Industry News | July 10, 2009

Coalition Aims to Divert Packaging from Landfills

Global Green’s Coalition for Resource Recovery (CORR) convened 80 participants for a “value chain caucus” aimed at diverting prepared food packaging from the nation’s landfills.

Various quick-serves joined with paper products suppliers MeadWestvaco, International Paper, Durobag, Interstate Container, Solo Cup, Dopaco, Huhtamaki, GA Pacific, and Pactiv to discuss how to make their cups, cartons, bags, and boxes readily recyclable.

They were joined by recyclable waste collector Action Carting and leading “urban forester” Pratt Industries, who have collaborated with Western Michigan University to devise a testing method to certify paper products as recyclable on a scale equivalent to corrugated boxes, the most frequently recycled resource in the U.S.

“Many if not most beverage cups, containers, wraps, and other packaging contain waxes and coatings that inhibit repulping of packaging,” says Joel Kendrick. “So that’s why we are using the Fiber Box Association’s Wax Alternative Protocol to certify packaging for purposes of this new effort.”

“Food packaging items that can pass a Fiber Box Association Protocol for determining compatibility as recycled feedstocks with old corrugated containers have a value in excess of their collection cost, and shouldn’t be land filled,” CORR’s Annie White says. “By designing for recycling and with simple systems for consumer participation in recycling, the nation’s 6 million tons of paper cups, cartons, clam shells, and bags can all be reclaimed and recycled.”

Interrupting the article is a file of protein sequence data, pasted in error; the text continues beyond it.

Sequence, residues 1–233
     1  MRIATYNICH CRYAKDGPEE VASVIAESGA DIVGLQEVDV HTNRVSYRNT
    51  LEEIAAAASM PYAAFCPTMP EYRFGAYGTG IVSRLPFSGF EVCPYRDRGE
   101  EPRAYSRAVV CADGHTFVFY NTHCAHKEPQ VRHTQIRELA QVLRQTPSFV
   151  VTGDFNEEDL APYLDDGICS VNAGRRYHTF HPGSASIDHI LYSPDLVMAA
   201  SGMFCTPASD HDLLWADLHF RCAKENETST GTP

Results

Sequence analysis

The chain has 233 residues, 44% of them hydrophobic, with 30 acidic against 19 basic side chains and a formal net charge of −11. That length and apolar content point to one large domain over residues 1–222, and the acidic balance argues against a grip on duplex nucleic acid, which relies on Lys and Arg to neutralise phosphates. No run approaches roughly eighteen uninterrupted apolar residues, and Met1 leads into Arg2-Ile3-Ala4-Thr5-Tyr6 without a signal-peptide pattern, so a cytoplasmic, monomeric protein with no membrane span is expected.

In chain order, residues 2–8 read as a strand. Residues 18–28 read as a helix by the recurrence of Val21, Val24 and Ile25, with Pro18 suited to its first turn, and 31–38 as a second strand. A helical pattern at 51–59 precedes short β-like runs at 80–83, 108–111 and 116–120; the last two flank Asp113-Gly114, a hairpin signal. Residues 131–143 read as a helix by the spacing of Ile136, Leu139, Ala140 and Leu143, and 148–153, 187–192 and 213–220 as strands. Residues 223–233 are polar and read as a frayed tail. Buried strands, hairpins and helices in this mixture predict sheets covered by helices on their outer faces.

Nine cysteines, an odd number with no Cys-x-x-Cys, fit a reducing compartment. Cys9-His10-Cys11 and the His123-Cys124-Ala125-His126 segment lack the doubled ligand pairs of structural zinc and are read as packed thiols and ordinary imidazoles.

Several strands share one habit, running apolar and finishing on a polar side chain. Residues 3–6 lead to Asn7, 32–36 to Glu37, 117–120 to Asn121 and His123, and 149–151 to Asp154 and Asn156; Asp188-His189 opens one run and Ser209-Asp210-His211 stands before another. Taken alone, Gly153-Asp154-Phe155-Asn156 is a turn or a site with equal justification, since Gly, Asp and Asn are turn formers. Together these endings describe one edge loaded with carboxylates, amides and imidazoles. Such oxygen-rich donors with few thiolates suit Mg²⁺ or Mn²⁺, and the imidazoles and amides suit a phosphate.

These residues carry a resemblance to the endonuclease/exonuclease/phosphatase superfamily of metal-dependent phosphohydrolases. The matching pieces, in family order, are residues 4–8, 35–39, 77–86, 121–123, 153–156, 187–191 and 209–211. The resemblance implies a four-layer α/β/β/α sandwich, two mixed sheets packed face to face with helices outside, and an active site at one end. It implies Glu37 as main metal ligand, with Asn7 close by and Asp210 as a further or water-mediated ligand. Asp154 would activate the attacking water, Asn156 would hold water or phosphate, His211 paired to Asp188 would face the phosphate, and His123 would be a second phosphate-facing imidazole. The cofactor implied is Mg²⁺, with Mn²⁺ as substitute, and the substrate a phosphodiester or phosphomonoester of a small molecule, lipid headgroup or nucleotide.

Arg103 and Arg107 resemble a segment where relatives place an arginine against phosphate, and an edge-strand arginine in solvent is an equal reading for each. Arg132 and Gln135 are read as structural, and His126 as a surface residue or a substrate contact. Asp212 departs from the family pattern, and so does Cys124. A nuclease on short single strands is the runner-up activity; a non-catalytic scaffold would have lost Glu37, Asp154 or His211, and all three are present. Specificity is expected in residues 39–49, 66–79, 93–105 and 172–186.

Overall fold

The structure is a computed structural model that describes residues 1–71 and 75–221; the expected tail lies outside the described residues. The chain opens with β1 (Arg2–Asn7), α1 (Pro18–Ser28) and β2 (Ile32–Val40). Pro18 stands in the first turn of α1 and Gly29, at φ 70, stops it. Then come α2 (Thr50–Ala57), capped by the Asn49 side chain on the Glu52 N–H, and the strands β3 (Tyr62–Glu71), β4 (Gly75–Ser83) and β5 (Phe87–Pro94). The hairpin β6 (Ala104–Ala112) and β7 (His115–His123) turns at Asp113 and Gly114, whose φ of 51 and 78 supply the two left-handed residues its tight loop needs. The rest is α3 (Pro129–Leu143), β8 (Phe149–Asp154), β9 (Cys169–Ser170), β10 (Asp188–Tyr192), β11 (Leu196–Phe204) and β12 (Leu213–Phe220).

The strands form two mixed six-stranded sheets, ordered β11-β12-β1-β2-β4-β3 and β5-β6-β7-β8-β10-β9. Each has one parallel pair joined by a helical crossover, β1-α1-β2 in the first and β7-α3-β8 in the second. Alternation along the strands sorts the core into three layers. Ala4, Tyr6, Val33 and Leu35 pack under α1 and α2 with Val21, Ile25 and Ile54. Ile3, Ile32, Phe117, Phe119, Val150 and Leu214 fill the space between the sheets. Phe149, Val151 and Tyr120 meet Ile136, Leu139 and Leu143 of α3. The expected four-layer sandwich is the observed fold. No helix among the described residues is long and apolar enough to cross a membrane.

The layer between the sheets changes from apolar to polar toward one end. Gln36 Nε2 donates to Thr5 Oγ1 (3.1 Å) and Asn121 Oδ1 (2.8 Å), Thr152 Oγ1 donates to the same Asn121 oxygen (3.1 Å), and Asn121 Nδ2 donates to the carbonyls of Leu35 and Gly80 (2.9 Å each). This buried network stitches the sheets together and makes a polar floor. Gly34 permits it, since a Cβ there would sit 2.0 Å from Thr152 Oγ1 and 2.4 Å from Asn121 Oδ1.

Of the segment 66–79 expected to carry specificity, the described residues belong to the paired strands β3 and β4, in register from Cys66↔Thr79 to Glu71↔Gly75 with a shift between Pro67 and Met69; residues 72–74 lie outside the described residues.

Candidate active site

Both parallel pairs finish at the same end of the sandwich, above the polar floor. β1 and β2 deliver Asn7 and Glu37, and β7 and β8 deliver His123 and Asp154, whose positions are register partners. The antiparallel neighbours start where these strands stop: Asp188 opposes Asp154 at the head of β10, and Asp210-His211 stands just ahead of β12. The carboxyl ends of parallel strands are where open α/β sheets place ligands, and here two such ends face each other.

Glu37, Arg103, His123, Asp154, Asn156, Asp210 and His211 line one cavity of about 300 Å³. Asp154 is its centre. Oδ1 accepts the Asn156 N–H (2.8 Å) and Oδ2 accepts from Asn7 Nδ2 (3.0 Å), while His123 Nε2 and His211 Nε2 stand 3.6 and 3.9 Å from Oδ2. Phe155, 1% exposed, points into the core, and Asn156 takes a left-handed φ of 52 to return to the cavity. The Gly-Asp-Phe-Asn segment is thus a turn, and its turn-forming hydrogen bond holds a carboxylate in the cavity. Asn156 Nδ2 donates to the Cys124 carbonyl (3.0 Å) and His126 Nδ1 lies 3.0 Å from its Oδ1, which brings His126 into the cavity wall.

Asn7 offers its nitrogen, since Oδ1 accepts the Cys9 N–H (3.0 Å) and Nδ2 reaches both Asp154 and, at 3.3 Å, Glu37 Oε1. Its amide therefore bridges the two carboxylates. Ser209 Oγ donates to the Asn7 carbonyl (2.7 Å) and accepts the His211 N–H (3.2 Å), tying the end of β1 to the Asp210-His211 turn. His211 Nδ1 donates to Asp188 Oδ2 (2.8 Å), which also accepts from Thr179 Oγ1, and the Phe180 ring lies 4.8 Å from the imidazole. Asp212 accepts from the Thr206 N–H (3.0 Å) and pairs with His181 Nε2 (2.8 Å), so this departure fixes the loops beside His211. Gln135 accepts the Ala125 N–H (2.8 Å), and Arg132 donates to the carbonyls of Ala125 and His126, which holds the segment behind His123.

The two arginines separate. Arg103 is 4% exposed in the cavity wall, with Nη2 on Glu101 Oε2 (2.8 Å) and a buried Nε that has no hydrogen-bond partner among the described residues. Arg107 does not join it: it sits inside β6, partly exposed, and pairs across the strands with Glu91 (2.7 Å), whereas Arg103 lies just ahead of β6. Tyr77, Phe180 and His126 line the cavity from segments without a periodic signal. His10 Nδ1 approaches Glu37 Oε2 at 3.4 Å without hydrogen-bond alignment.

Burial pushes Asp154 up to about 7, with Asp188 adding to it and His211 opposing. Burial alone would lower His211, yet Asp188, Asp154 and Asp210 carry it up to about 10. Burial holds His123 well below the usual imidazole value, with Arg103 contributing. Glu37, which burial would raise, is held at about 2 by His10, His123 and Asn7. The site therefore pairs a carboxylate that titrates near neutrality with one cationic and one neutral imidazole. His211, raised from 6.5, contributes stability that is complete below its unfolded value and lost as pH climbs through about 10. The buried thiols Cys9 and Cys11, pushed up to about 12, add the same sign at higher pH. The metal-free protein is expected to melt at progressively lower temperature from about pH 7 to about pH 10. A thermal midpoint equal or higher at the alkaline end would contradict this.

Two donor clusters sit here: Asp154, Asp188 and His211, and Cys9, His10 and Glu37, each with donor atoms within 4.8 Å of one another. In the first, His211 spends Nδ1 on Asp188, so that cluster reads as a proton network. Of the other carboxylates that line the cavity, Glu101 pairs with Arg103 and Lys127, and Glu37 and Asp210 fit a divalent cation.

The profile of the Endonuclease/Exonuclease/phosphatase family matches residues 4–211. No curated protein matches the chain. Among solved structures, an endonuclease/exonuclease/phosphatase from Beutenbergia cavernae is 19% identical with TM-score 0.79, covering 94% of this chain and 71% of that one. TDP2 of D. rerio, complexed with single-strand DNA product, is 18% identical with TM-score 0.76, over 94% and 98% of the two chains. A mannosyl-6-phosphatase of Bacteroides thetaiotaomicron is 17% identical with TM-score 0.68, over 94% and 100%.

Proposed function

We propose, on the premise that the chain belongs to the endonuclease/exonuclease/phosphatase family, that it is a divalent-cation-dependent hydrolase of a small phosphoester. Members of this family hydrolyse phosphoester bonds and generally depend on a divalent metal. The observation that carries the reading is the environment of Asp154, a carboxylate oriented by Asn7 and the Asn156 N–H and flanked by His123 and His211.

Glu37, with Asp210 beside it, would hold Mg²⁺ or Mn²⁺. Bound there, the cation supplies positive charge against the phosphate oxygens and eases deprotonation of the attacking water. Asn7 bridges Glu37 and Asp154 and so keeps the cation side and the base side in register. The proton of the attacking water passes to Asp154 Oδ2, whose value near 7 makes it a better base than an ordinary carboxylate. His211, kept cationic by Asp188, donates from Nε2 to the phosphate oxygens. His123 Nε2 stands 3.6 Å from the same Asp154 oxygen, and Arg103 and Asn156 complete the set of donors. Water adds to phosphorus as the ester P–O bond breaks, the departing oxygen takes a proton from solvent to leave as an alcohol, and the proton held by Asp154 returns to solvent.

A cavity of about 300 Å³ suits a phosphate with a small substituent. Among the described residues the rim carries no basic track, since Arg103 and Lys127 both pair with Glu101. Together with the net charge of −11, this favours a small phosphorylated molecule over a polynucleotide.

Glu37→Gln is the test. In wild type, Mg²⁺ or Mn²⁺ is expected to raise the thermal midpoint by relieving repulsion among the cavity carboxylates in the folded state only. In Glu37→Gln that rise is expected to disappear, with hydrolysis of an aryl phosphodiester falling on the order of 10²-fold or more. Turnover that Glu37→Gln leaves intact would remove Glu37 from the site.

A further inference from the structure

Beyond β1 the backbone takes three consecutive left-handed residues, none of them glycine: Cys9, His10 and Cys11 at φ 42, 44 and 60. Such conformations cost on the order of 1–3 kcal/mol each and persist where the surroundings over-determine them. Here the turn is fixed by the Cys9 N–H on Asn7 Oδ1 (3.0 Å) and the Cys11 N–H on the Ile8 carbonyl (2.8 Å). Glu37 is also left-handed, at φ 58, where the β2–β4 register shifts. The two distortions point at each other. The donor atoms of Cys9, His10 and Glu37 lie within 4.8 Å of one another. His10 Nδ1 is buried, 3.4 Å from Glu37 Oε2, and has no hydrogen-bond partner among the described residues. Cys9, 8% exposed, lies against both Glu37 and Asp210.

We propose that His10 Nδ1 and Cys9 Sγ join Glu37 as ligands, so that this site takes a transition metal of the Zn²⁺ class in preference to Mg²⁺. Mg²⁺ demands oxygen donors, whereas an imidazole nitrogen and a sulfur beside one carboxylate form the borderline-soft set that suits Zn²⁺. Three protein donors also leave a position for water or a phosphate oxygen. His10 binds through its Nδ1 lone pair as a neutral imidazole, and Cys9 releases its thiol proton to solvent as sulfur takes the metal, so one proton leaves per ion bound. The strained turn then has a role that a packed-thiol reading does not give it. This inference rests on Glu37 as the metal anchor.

The Manhattan meeting followed a Recyclable Cup Summit arranged by Starbucks at its Seattle headquarters in May. Characterized as a step toward keeping their promise to promote recycling of their iconic coffee cup and other food and beverage packaging, Starbucks’ Jim Hanna announced that a first trial with 15 of the Company’s stores will ask customers to assist by pre-sorting their cups in specially designed receptacles.

Durobag is designing special recyclable paper bin liners in which spent cups can be collected. The bags of spent cups will then be bundled with flattened cardboard boxes. Nightly collections to be carried out by Action Carting company’s supervisors will be taken directly to Pratt Industries’ Staten Island recycling plant, where they’ll be repulped and recycled into new corrugated boxes.

“Although we are only in the exploratory stages of this trial with Global Green, we're excited that Starbucks has chosen Pratt Industries' mill on Staten Island to test the runnability and fiber strength of their coffee cups," says Pratt Paper Division President Austin Davey.

Starbucks’ Jim Hanna explains that traditional waste handling in New York City is very expensive as there are no regional landfills, and thus refuse is railed over 500 miles to dumps in outlying states. Diverting food packaging for recycling will reduce the incumbent energy, greenhouse gases, labor, and air pollution common to this practice.

“These cups that were recently made from virgin wood pulp can have 5 more productive lifecycles,” Hanna says.

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